Tashi Tenzing, grandson of Tenzing Norgay, writes biographies of a number of famous Sherpas, many of them family, in Tenzing Norgay and the Sherpas of Everest. Tenzing tells the story of climbing Mount Everest from the point of view of the Sherpas, based on interviews with the surviving members of the early expeditions and cultural and family histories. The result is a refreshing take on an often-told tale and a timely tribute to the unsung heroes of the mountain. In addition to the biographies, Tenzing chronicles the changes in Sherpa culture and families resulting from Himalayan mountaineering and discusses Sherpa climbers' motives and attitudes. Tenzing Norgay's biography features prominently in the book, but I appreciated most getting to know many of the lesser-known Sherpas, whose names appear often in mountaineering books, but who remain essentially anonymous to outsiders once off the mountain. Also, Tenzing includes the stories of his own climbs on Everest, including a 1993 climb he organized himself and a 1997 commercial expedition.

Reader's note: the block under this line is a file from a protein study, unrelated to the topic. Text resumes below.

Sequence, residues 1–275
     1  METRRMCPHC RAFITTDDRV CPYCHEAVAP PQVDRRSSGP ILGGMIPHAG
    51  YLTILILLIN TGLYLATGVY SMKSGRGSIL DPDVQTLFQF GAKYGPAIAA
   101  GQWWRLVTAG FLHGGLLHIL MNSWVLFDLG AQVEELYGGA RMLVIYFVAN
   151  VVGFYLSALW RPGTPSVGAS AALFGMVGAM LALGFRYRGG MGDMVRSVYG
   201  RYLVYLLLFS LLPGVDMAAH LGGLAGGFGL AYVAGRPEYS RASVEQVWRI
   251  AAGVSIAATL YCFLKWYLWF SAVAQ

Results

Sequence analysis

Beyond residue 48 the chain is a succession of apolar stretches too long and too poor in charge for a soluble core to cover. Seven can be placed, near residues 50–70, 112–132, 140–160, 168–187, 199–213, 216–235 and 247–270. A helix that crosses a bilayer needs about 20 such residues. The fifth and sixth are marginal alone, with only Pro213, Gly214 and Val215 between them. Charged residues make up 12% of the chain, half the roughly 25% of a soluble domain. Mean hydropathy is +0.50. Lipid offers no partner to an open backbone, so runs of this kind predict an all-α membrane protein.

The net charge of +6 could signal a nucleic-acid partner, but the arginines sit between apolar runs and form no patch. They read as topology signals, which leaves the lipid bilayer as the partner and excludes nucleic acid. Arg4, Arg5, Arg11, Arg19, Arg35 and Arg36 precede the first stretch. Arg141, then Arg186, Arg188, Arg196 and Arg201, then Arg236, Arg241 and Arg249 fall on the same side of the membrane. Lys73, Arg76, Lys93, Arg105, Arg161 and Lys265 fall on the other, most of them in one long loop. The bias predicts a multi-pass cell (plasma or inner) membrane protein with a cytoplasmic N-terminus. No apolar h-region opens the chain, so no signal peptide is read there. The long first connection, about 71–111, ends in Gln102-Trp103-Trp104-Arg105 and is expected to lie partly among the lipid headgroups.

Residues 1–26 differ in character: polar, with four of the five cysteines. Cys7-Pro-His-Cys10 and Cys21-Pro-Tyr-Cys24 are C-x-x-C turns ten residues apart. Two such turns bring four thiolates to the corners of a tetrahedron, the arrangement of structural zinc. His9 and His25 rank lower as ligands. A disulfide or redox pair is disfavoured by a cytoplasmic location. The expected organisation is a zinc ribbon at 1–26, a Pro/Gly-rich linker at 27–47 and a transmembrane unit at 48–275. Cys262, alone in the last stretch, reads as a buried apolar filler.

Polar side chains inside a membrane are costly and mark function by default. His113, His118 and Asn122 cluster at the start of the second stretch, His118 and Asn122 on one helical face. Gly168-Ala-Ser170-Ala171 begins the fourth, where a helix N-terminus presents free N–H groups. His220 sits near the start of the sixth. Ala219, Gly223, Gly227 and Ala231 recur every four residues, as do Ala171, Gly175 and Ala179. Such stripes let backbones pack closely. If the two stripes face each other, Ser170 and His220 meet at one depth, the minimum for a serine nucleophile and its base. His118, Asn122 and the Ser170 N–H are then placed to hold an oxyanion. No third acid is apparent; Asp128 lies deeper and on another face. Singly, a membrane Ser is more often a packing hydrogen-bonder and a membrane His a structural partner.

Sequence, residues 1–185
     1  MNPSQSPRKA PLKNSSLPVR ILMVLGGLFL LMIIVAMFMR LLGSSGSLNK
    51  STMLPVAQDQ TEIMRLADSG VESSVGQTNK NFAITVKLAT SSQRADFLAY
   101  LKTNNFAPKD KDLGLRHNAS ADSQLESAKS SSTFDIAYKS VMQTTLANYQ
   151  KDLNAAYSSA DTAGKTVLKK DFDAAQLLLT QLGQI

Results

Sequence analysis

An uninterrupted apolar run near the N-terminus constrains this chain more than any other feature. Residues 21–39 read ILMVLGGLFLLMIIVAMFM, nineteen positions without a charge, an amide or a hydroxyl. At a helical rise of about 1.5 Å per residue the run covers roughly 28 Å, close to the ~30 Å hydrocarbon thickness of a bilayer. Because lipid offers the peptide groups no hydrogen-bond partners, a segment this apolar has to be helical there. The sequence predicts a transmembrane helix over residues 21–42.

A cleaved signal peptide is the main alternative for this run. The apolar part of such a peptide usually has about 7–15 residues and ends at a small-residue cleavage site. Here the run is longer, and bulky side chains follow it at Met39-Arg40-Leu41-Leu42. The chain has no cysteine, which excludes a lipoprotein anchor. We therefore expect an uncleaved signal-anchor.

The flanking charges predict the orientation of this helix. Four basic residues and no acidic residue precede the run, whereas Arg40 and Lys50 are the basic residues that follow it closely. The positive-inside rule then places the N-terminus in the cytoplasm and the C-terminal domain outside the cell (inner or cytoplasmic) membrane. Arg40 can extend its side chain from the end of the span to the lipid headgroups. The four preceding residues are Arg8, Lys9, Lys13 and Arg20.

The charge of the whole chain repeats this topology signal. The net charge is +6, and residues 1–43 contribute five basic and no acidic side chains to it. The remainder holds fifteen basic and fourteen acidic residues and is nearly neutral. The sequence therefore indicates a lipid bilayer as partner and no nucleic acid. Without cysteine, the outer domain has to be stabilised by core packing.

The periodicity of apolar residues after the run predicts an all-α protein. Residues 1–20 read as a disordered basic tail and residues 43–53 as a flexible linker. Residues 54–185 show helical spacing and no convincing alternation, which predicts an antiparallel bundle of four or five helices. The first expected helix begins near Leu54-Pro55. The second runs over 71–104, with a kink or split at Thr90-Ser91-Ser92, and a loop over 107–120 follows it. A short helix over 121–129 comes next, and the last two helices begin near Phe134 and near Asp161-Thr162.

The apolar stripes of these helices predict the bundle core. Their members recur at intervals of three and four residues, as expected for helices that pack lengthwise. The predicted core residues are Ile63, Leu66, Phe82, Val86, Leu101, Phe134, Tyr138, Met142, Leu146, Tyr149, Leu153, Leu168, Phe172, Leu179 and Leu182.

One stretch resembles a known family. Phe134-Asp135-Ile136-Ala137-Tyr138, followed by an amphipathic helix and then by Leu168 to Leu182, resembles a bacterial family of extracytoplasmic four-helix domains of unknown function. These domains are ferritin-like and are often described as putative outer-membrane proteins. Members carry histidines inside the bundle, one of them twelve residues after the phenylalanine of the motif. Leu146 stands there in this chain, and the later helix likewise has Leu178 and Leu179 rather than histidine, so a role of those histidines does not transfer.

The book covers a multitude of Everest climbs, based on the Sherpas' biographies. It is a fitting role reversal to read details of the experiences of the local climbers and porters, while the foreign climbers often have mistakes in their personal information in the text. I found three climbs particularly interesting: Tashi Tenzing's two expeditions and a 1991 Sherpa / US climb in which the traditional climbing roles were reversed, with Pete Athans and other Americans providing porter support to Sherpa climbers. Tenzing's first expedition was an Australian national expedition that included Mike Groom (Sheer Will), Brigitte Muir (Wind in My Hair), and his cousin Lobsang. Groom and Lobsang make the summit, but tragedy strikes on the descent. Tenzing's second climb was as part of the 1997 Adventure Consultants' "Dream Team," a group consisting of Ed Viesturs, David Breashears, Guy Cotter, and Tenzing, meant to show that the business of climbing Everest is still on after the mess of 1996. I didn't realize before this that Breashears' Nova footage was actually shot under the auspices of Adventure Consultants. Overall, this is a great read and a long-needed book about the "other guys," who generally do the hard work of Everest climbs.